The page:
Join Carrie Dils for an in-depth discussion in this video Understanding callback functions, part of Advanced WordPress: Action and Filter Hooks.
- [Instructor] In programming terms, a callback function is simply a function that gets passed as an argument to another function. You've already seen some basic examples of them in this course but I wanted to specifically call them out. See what I did there? Here we're looking at the syntax for the add_action function. The first parameter here is the name of our hook which is telling WordPress when to run. The second parameter here is our callback function. It tells WordPress what to run when it reaches the hook.
I've been referring to it as simply a function but to get more specific about it, it's called a callback function. Let's look at an example. This is the pre_get_posts action hook and it's used to modify the WordPress query. The query object would be passed to your function by reference. If we scroll down the page here let's look at an example of how this callback function could work. So we've got a callback function called exclude_category. We're passing in that query object and then we've got a couple of WordPress conditional statements here so we're saying if the query is on the main homepage and if we're dealing with the main query then we're going to set the query.
This instance we are excluding some categories from that query. And then of course for that callback function to actually run we need to attach it to this pre_get_posts hook. So that's an example callback function for pre_get_posts. One more thing I want to point out here, and this goes back to load order. Here we've got some instructions of when it's too late to use the pre_get_posts hook and it's basically when the query has already been set. So for instance if you were to use pre_get_posts in a theme template file such as single or archive it's entirely too late.
The query ship has sailed. So there was a look at an action hook using a callback function. Let's see how it works with add_filter. So same thing, we've got the hook that we're hooking into and then we've got this callback function and just like action, it defaults to a priority of ten and a single argument that we're going to pass back to our callback function. We'll take a look at an example of this login redirect filter. Now this one actually takes up to three parameters.
The first is where you want to redirect the user to, the second is a referring URL, and the third is user which passes the WP _User object to your function if user is logged in. Otherwise it passes the WP _Error object. Let's take an example in walking through this. We've got our callback function, my_login_redirect, and even though only one of these parameters is required we're actually passing it all three parameters. And this is cool because you can use all of that data within the callback function here to do things.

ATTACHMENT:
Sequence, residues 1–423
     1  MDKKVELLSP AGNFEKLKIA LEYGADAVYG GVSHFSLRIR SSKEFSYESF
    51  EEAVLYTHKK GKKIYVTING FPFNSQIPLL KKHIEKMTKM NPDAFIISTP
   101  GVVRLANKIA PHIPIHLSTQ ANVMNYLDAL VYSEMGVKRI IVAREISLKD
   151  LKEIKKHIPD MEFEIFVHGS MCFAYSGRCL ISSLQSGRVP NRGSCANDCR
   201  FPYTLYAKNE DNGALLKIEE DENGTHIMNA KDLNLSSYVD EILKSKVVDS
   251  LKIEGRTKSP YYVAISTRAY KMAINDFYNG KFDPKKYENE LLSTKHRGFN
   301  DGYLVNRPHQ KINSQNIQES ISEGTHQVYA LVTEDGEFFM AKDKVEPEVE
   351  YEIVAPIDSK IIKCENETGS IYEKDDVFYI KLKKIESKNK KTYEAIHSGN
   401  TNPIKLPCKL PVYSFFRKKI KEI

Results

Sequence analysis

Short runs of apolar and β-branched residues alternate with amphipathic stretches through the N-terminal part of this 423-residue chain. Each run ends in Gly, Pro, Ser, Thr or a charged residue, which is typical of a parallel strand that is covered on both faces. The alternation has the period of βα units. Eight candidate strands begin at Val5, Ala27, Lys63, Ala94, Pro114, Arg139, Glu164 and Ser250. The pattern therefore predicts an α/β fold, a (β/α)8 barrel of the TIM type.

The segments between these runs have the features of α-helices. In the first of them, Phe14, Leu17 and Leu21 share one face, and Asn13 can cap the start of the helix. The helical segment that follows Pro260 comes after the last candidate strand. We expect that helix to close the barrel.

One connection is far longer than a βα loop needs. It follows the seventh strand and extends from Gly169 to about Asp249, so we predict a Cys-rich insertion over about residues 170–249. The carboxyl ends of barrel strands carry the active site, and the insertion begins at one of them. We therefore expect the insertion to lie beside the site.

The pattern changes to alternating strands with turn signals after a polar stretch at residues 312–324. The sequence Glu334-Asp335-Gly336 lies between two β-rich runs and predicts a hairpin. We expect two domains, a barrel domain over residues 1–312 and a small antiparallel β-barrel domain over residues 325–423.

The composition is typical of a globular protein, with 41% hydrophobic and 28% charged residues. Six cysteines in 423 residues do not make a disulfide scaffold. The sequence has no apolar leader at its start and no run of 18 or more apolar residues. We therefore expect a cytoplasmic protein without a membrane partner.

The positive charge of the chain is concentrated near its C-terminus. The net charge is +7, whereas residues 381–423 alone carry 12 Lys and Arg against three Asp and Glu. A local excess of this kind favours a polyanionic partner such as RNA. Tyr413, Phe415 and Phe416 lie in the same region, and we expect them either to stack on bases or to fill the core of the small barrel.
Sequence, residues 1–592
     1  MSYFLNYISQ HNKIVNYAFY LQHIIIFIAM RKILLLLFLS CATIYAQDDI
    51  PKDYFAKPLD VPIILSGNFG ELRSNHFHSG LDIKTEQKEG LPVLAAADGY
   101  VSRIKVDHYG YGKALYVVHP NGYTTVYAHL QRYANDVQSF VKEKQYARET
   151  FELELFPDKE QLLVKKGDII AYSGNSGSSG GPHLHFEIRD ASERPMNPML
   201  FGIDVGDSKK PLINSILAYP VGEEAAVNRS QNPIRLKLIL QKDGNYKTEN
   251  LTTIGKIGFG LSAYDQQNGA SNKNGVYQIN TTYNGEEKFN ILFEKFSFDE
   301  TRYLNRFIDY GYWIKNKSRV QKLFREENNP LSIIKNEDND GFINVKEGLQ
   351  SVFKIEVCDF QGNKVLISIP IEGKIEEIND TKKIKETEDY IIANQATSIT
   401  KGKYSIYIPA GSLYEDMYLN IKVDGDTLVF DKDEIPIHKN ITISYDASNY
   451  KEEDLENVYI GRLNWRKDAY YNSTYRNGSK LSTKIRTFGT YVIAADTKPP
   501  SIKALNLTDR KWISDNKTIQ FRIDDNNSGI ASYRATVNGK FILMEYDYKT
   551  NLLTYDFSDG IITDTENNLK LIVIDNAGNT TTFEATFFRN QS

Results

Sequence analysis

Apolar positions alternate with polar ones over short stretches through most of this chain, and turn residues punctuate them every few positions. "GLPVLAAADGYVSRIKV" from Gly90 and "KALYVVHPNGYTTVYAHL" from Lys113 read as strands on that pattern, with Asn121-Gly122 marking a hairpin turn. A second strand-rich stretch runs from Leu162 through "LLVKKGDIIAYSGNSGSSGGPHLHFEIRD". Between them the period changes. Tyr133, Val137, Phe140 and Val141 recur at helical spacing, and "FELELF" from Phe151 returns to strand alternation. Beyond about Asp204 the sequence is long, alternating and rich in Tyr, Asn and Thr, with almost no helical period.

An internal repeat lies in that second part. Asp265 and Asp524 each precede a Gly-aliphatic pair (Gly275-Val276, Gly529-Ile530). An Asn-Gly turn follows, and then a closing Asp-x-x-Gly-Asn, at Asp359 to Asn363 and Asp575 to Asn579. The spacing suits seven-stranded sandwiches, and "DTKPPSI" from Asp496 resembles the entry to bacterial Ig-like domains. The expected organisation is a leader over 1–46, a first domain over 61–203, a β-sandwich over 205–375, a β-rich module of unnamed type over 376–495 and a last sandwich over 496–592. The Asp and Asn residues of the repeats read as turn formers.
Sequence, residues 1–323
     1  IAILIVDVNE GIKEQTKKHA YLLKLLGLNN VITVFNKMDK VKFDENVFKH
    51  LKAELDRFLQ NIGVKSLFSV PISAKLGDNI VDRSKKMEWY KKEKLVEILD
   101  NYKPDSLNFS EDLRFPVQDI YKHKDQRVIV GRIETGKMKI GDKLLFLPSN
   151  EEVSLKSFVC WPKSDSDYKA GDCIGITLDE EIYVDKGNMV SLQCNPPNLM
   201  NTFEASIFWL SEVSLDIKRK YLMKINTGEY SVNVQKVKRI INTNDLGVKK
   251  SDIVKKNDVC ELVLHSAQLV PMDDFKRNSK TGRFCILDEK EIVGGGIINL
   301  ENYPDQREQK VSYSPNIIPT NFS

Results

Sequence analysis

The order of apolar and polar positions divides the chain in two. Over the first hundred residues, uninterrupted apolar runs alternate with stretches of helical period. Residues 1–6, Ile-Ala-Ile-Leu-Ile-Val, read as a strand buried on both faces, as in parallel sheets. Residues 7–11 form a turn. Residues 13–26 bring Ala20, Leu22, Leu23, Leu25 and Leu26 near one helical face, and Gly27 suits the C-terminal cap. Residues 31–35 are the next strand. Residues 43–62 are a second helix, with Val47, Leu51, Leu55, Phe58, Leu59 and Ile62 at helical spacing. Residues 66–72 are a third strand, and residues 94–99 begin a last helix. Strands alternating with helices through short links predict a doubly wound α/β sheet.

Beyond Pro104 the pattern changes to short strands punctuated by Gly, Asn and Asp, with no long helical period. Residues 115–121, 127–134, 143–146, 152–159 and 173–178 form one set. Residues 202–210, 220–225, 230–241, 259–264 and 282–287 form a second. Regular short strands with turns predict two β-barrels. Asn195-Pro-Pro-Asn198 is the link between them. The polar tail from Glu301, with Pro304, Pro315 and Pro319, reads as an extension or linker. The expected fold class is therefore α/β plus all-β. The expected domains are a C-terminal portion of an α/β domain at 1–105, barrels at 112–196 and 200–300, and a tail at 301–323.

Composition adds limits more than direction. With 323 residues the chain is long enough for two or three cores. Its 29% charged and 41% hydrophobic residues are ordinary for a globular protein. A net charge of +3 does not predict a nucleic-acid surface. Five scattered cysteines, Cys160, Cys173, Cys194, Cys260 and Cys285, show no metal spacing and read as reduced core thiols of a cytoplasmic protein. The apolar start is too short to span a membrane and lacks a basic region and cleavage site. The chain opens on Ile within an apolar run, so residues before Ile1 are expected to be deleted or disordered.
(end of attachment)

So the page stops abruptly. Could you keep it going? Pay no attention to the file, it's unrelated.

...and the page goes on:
So for instance here we're using some WordPress conditionals again to determine if user roles are set and if there are user roles we're saying basically if it's an administrator we're just going to send him to the default URL that was already stored in that redirect_to variable. Otherwise we're going to send them to this home URL which is the main page of a WordPress site. So basically if it's an administrator send him one place. If it's any other type of user send him to this home_url and then if we don't know what kind of user it is because a user is not logged in then we'll just return this redirect_to.
So that's the callback function and we're attaching it to this login redirect filter. We've got our default priority of ten and this time instead of that single argument that's the default, we want to pass three arguments back to our callback function. So what we've looked at here are examples of creating custom callback functions and attaching them to WordPress hooks but there will also be times when you utilize callback functions that already exist in WordPress. I should also note that callback functions don't have to be physically located near the hook it's loaded on.
For instance I could have a main plugin page that called all of my hooks such as this add_filter and then a separate page where I actually housed all of my callback functions. However you structure your code is totally up to your preference. It doesn't matter where the callback function is located since it's just sitting there doing nothing until it's called by a hook.
- Actions and filters explained
- Identifying available hooks and filters
- Looking at load order
- Understanding callback functions
- Creating custom hooks
- Using third-party hooks
- Building a new WordPress plugin with filters and actions